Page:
Ralph Nader on Dave Brat: 'A Clear Populist Challenge by Main Street Against Wall Street'
The left looks rightward.
The American left's reaction to Dave Brat's victory over Eric Cantor last week sometimes seems to be taking place on two different planets. There are the people who simply recoil in horror that someone even more conservative than Cantor! could be heading to Washington, and there are the people who look at the libertarian and populist elements of Brat's message and see some conservatives taking a step in the right direction. Ralph Nader belongs to the second group:
among all the reasons for Cantor's fall, there were the ones encapsulated in the Nation's John Nichols' description of Brat as an "anti-corporate conservative." Repeatedly, Brat said he was for "free enterprise" but against "crony capitalist programs that benefit the rich and powerful." David Brat pointed out that Cantor and the Republican establishment have "been paying way too much attention to Wall Street and not enough to Main Street."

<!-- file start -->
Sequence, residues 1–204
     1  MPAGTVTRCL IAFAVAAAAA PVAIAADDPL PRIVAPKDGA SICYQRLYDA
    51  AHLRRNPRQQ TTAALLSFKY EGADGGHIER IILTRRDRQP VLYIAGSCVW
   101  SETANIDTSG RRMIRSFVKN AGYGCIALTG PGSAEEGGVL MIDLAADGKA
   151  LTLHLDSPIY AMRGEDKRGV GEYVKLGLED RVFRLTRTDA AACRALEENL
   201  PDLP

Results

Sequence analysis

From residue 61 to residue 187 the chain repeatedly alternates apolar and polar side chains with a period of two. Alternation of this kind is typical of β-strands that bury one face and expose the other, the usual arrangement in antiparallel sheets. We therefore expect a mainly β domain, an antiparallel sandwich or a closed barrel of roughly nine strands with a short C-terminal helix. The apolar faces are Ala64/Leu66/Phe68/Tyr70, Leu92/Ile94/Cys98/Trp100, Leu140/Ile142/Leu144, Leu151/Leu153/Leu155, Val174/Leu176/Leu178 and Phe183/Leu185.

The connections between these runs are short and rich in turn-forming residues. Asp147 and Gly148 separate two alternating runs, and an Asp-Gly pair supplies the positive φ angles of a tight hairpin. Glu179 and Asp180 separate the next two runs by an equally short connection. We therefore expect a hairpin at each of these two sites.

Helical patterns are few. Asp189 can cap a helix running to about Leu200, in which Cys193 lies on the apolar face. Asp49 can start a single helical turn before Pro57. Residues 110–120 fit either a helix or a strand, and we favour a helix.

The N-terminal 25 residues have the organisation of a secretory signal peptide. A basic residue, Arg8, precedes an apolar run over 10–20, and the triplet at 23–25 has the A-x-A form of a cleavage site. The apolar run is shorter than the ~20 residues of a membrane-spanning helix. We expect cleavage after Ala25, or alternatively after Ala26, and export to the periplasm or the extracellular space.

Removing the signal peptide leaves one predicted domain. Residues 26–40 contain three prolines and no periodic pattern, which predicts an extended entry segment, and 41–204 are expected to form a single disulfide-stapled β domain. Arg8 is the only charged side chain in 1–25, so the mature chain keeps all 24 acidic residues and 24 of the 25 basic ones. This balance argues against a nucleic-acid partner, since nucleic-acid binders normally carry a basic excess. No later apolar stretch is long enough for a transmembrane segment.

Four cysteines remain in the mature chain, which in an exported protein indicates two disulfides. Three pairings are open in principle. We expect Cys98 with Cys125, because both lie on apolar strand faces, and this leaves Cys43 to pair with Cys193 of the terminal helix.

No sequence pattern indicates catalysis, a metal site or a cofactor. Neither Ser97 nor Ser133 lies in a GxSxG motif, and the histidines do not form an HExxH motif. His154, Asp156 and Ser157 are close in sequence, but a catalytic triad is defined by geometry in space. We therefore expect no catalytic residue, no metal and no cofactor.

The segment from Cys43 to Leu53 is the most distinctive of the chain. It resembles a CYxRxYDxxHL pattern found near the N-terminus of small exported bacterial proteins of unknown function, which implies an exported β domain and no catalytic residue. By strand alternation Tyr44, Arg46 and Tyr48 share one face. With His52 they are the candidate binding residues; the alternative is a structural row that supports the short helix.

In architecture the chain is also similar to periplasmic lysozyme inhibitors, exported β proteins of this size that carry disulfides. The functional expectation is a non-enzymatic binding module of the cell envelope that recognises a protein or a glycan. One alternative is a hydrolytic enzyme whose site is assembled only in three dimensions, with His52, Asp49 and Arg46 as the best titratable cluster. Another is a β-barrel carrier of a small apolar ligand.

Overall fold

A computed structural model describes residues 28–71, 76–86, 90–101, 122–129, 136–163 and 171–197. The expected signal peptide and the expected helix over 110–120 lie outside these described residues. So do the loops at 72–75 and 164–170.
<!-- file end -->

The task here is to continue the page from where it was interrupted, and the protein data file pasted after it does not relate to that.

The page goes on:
Brat supported "the end of bulk phone and email data collection by the NSA" and other government agencies on constitutional grounds.
Professor Brat attacked the Wall Street investment bankers who nearly "broke the financial system," adding the applause line: "these guys should have gone to jail. Instead of going to jail, where did they go? They went to Eric Cantor's Rolodex."…
Brat is a mixed bag for progressives. But in that mix is a clear populist challenge by Main Street against Wall Street and by ordinary people against the corporate government with subsidies and bailouts that the Left calls corporate welfare and the Right calls crony capitalism. Therein lies the potential for a winning majority alliance between Left and Right as my new book, Unstoppable: The Emerging Left-Right Alliance to Dismantle the Corporate State, relates in realistic detail.
Read the rest here. Check out Reason's coverage of Brat's win here. For more on populism, go here, and for more on the intersection between populism and libertarianism, go here and here. To read Tim Carney's review of Nader's new book, pick up the July Reason at your local newsstand. And for Reason's recent interview with Nader, hit play: